Justin Bieber – Under The Mistletoe
“Bieber Fever” became an epidemic among pre-pubescent girls in 2009 after Justin Bieber was discovered on YouTube. Since his biopic Never Say Never was released in February, many of the uninfected had been hoping it would be the last they would hear of the teenage pop star for a long while. Unfortunately they were not so lucky.
Justin Bieber has just released his second studio album, Under the Mistletoe, a collection of classic and non-traditional Christmas carols-turned-pop-songs.
Fans of the Bieb might somehow find this a fun and entertaining album full of Christmas cheer, but for those with taste it is far from enjoyable. Even listening to it for the first time with an open mind does not achieve good results in the slightest.
The first and most horrible part of this album is that 7 of the 11 tracks are love songs sung by a seventeen year old. This not only makes the music pretentious and tacky but causes it to lose Christmas spirit due to its unbelievable themes. This kid should be singing about building snowmen and eating a roast lunch with his family or riding skateboards with his friends on holidays, not girls, love and getting a girl as his Christmas wish. It’s hard to listen to when you expect cheer and festivity but receive slow love ballads from someone who couldn’t possibly have the greatest experience or expertise in the area.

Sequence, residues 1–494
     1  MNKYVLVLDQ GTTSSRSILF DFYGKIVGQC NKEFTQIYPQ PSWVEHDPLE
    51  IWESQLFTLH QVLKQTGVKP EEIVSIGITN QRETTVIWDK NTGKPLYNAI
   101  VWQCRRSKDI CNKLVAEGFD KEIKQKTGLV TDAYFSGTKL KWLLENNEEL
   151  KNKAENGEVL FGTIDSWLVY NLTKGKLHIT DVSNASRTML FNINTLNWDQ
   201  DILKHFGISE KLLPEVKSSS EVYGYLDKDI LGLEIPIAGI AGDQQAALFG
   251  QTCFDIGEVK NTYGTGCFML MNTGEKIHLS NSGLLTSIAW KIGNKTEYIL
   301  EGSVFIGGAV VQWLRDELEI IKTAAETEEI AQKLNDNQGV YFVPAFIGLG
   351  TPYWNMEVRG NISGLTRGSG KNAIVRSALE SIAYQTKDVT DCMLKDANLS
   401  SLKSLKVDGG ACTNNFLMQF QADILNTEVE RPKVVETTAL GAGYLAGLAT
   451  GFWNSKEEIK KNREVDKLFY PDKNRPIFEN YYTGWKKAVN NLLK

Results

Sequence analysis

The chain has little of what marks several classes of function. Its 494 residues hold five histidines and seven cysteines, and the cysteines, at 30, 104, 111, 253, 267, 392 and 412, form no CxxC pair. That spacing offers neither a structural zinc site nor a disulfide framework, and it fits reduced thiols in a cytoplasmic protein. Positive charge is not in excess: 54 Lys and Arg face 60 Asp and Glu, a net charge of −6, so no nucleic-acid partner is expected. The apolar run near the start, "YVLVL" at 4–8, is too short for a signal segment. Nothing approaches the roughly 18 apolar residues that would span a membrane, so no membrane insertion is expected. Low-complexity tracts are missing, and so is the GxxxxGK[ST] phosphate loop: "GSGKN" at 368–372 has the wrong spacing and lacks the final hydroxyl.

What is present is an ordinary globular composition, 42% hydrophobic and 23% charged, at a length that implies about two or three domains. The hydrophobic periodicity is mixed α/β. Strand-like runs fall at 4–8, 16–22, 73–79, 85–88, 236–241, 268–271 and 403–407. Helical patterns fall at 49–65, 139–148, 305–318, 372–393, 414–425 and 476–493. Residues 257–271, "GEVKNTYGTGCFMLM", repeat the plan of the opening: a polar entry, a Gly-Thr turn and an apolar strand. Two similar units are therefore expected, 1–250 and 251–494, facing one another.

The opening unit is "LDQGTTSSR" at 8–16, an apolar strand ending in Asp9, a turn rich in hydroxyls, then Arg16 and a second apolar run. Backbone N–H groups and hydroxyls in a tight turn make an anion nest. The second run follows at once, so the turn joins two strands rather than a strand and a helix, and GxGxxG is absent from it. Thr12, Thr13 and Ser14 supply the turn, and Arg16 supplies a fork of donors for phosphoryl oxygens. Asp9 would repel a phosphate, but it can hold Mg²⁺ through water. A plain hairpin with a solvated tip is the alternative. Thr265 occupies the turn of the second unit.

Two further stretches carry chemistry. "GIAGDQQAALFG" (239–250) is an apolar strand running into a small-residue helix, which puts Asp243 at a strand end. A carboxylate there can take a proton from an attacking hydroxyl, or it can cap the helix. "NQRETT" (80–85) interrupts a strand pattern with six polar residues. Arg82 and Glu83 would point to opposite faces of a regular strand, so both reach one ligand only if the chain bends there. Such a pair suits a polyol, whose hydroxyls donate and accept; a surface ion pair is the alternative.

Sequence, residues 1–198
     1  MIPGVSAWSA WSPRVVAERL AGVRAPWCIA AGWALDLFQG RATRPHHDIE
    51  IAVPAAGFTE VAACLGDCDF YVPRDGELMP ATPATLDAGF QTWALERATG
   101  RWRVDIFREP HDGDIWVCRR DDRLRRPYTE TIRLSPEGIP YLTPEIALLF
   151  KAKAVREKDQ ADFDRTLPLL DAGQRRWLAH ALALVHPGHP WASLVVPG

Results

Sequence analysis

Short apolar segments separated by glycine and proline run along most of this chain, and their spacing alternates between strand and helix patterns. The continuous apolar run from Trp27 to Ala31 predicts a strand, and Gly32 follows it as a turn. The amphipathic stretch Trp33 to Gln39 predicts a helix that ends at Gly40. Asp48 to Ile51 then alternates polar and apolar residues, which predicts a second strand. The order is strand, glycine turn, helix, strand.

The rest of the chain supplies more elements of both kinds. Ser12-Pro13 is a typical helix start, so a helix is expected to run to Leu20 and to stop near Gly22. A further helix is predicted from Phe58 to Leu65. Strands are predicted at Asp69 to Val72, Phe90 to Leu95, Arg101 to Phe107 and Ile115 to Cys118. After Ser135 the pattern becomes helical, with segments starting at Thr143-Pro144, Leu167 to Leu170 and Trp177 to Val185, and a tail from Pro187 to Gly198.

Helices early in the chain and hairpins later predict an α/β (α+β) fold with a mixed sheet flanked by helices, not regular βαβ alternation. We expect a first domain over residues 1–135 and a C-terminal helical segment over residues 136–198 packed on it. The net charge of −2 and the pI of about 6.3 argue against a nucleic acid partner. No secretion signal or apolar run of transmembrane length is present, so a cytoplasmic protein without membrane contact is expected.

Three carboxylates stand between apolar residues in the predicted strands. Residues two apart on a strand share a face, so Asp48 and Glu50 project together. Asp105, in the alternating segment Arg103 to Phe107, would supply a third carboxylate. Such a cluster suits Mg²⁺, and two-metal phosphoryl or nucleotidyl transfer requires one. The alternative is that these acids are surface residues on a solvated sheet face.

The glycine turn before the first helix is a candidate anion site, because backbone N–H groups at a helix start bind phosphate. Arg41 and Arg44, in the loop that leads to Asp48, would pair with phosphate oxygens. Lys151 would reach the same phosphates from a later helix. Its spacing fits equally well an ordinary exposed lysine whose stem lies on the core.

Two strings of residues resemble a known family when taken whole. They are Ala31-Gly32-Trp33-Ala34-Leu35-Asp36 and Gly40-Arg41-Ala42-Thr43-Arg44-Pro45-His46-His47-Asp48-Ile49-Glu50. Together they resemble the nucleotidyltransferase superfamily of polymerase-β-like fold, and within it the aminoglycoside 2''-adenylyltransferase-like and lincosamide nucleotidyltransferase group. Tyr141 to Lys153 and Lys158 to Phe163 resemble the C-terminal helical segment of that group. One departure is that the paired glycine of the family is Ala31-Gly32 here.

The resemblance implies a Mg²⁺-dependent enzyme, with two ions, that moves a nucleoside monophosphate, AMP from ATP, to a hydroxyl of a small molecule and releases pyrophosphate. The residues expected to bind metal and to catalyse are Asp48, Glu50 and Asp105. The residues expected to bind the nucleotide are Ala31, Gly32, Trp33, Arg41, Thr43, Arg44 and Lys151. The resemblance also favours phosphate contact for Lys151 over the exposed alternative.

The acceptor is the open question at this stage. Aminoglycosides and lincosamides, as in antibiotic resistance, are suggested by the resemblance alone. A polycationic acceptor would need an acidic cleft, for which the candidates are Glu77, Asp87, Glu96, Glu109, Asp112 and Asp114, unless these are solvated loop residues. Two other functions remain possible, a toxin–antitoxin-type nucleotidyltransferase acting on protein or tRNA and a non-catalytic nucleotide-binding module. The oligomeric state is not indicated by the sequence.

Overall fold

The lyrics aren’t Bieber’s only problem; that voice needs some work. It’s not just the piercing nasally sounds but the fact that even after puberty he still sounds like a girl. This is most distressing when listening to the duet, “All I Want for Christmas Is You”, and not being able to tell which voice is Justin Bieber’s and which is Mariah Carey’s. He could definitely lay off the embellishments and reverb improvisation on every line of every song too – it just gets annoying.
The way the songs have been adapted to fit the audience of young fans has not been done well: “Drummer Boy” featuring Busta Rymes is one example that has major issues. Bieber’s attempt at rapping is amusingly dismal as he exclaims “I’m surprised you didn’t hear this in the Bible” however Busta’s awful rap about Twitter followers does diminish any possible positives of the song and the album as a whole. Bieber unsuccessfully tries to make up for this by encouraging listeners to donate to charity, but instead he comes across as a rich kid who wants to sound like an adult. If anyone has that sort of money to throw around, it’s him.
Ignoring the actual sound of his voice makes “Silent Night” a disappointing highlight (probably because it’s the closest to the original) and the other classics have mostly been butchered, the originals in dire need of destroying.
The best part of this album however is the shortness in length of tracks. Most go for around 3 minutes so don’t worry, if you are exposed to the record at a family lunch, you’ll only be holding back from sticking knifes in your ears for just over half an hour. Or you could always ‘accidently’ run over the CD repeatedly with your car…
by Olivia Whyte